3. Conclusion

In summary, we have fabricated an ultralow threshold Er3+:Yb3+ co-doped toroidal microlaser on a silicon chip. To enable lithographic fabrication of these co-doped devices, we developed a sol-gel synthesis process which formed a uniform host matrix for the co-dopants. We have demonstrated single-mode and multimode lasing action by adjusting the coupling conditions. We verified that the quality factor and pump threshold depend strongly on both the doping concentration and the specific dopant. The lasing threshold is as low as 4.2μW, which is more than seven times lower than the previously reported lowest threshold to date for a Er3+:Yb3+ co-doped laser, which was based on a microsphere resonant cavity [39

39. C. H. Dong, Y. F. Xiao, Z. F. Han, G. C. Guo, X. S. Jiang, L. M. Tong, C. Gu, and H. Ming, “Low-threshold microlaser in Er: Yb phosphate glass coated microsphere,” IEEE Photon. Technol. Lett. 20(5), 342–344 ( 2008). [CrossRef]

]. Ultra-low threshold on-chip microlasers are easily integrated with other silicon-based components, paving the way for improved signal processing [5

5. G. T. Reed, “Device physics: the optical age of silicon,” Nature 427(6975), 595–596 ( 2004). [CrossRef] [PubMed]

11

11. H. Cao, J. Y. Xu, W. H. Xiang, Y. Ma, S. H. Chang, S. T. Ho, and G. S. Solomon, “Optically pumped InAs quantum dot microdisk lasers,” Appl. Phys. Lett. 76(24), 3519–3521 ( 2000). [CrossRef]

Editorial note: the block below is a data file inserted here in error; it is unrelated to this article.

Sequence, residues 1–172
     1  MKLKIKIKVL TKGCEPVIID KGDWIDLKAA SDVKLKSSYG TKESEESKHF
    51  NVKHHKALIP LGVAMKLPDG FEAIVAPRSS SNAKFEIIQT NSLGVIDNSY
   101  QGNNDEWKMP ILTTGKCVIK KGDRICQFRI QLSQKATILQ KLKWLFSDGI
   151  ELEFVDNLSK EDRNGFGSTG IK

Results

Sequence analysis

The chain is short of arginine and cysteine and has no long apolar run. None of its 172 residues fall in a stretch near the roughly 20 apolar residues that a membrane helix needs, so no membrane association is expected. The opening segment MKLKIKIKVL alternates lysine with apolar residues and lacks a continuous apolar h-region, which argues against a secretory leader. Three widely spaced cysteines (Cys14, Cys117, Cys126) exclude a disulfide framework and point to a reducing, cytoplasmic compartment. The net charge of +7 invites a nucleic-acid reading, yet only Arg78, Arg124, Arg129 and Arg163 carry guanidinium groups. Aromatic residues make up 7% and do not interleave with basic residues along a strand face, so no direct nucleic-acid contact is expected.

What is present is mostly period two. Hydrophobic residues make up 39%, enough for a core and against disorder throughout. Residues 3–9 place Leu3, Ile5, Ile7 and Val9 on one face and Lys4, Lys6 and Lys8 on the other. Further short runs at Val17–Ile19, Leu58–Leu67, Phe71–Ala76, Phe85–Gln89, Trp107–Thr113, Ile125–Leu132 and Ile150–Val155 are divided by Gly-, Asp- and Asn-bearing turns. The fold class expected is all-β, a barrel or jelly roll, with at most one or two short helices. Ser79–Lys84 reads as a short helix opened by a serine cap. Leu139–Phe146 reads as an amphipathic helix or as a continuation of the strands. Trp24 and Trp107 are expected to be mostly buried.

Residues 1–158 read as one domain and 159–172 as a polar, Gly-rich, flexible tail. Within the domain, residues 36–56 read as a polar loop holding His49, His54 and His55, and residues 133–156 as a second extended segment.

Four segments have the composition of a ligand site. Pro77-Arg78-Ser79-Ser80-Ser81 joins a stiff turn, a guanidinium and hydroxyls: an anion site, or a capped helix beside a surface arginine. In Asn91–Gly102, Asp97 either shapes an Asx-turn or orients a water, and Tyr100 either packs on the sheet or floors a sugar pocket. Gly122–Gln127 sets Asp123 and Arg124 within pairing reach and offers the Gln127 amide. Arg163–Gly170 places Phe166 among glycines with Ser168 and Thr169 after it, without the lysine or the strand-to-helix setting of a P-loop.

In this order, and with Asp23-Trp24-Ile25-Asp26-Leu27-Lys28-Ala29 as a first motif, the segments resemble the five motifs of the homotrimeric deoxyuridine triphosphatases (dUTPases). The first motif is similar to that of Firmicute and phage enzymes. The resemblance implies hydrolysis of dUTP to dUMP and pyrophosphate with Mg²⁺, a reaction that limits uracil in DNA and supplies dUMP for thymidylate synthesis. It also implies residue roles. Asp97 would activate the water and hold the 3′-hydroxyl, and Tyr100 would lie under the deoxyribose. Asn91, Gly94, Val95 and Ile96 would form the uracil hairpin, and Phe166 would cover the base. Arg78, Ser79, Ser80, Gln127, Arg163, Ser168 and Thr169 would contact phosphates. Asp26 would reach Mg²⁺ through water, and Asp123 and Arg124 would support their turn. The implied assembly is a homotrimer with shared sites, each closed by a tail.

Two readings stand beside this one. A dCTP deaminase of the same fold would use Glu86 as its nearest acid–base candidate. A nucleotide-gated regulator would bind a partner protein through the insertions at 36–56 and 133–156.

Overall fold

], biochemical detection [1

1. J. Yang and L. J. Guo, “Optical sensors based on active microcavities,” IEEE J. Sel. Top. Quantum Electron. 12(1), 143–147 ( 2006). [CrossRef]

,2

2. C. Monat, P. Domachuk, and B. J. Eggleton, “Integrated optofluidics: A new river of light,” Nat. Photonics 1(2), 106–114 ( 2007). [CrossRef]

] and free-space communication [3

3. M. Guelman, A. Kogan, A. Kazarian, A. Livne, M. Orenstein, H. Michalik, and S. Arnon, “Acquisition and pointing control for inter-satellite laser communications,” IEEE Trans. Aerosp. Electron. Syst. 40(4), 1239–1248 ( 2004). [CrossRef]

,4

4. Y. Jeong, C. Alegria, J. K. Sahu, L. Fu, M. Ibsen, C. Codemard, M. R. Mokhtar, and J. Nilsson, “A 43-W C-band tunable narrow-linewidth erbium-ytterbium codoped large-core fiber laser,” IEEE Photon. Technol. Lett. 16(3), 756–758 ( 2004). [CrossRef]

].

Acknowledgments

The authors would like to thank Prof. Mark Thompson at the University of Southern California for aid in the sol-gel preparation. This work was supported by the National Science Foundation [0852581], and the Army Research Lab [W911NF-09-0041]. H. Hsu was supported by an Alfred Mann Institute Graduate Research Fellowship. C. Cai was supported by a William Lacey Summer Undergraduate Research Fellowship.

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4.

Y. Jeong, C. Alegria, J. K. Sahu, L. Fu, M. Ibsen, C. Codemard, M. R. Mokhtar, and J. Nilsson, “A 43-W C-band tunable narrow-linewidth erbium-ytterbium codoped large-core fiber laser,” IEEE Photon. Technol. Lett. 16(3), 756–758 ( 2004). [CrossRef]

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G. T. Reed, “Device physics: the optical age of silicon,” Nature 427(6975), 595–596 ( 2004). [CrossRef] [PubMed]

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12.